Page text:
Music, an International Language?
Whether you are a musician or not, you have probably heard the expression that music is an international language. Now as a marketer in this modern world, understanding this fact is critical. So, in this post I want to explore some research with you that will help you use music in your business more effectively to reach the global marketplace.
First off, many studies have shown that certain aspects of music carries common meanings for people in different parts of the world. What this means, for example, is that most people will hear slow music as a sad song or fast music as a happy. For global marketers this is good news since certain parts of your audio brand will not need to be adjusted for cultural differences.
Now, I’m going to contradict myself and say that the finer details in communicating emotion through music can get mixed up in translation. For instance, Eastern music uses a different system of notes and not following these rules can mean that you are communicating a completely different emotion than you intended. By not keeping track of the different cultural norms you may be inadvertently be giving someone the finger.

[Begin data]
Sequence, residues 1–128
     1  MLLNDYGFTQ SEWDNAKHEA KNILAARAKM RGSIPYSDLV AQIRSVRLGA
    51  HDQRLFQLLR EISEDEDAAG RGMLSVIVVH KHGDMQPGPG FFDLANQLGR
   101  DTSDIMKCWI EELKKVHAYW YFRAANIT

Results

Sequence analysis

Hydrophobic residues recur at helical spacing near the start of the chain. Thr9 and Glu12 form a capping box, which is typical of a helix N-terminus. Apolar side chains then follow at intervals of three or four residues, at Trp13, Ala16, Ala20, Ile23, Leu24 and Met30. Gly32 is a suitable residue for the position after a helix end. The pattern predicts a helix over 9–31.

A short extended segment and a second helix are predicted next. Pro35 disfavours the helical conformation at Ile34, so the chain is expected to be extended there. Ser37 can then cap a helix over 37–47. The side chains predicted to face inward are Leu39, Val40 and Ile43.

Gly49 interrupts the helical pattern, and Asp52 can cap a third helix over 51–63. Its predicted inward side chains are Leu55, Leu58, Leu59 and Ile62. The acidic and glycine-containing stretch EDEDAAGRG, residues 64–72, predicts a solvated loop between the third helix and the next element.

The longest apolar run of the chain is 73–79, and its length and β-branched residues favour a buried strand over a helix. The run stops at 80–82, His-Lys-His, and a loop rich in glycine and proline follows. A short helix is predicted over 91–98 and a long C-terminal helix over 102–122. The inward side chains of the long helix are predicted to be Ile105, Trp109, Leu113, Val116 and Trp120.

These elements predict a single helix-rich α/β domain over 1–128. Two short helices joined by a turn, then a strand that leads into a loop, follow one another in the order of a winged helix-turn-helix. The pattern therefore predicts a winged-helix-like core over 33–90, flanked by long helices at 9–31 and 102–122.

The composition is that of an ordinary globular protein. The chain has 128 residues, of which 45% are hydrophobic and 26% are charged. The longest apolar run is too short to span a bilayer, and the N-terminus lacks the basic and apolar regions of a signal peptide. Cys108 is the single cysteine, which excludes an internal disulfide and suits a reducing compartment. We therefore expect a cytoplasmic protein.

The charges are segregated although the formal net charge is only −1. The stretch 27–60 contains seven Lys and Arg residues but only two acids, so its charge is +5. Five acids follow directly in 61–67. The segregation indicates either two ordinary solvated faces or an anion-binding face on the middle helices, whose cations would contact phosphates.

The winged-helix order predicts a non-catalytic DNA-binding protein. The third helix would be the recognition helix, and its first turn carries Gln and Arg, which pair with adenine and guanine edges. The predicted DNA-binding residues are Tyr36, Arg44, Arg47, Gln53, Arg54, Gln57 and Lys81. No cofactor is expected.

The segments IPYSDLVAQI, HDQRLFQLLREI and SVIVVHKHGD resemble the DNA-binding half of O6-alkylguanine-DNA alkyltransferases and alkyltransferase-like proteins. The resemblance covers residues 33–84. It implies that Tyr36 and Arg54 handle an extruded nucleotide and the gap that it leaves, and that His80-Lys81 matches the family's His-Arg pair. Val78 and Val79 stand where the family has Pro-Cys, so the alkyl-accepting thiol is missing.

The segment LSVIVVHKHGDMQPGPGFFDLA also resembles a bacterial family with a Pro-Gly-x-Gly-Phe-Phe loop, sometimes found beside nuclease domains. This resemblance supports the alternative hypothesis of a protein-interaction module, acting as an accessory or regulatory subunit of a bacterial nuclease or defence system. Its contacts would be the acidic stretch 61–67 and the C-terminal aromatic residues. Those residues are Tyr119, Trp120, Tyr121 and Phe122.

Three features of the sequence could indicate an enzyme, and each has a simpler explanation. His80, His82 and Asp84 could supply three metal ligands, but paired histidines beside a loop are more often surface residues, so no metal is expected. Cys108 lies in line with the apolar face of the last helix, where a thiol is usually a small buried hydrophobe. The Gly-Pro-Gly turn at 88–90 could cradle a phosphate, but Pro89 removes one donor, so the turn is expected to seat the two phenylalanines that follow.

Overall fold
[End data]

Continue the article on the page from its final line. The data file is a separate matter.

Testing your Intuition
To help mitigate the problems mentioned above you will want to test your audio brand assets with a cross section of our customer base. Typically, this testing should take the form of a focus group but can also be done using customer questionnaires and free association methods. We have seen some companies go as far as having separate tests done for each of their core markets. This gives them a true understanding of how their customers feel about the music that is being produced as a brand asset.
For local companies you may think this issue apply to you, but if you are located in a major city, like Toronto, you are going to have a well-mixed pot of culture to deal with.
Take the time to evaluate the sound of your company makes and how impacts the emotions your customers feel.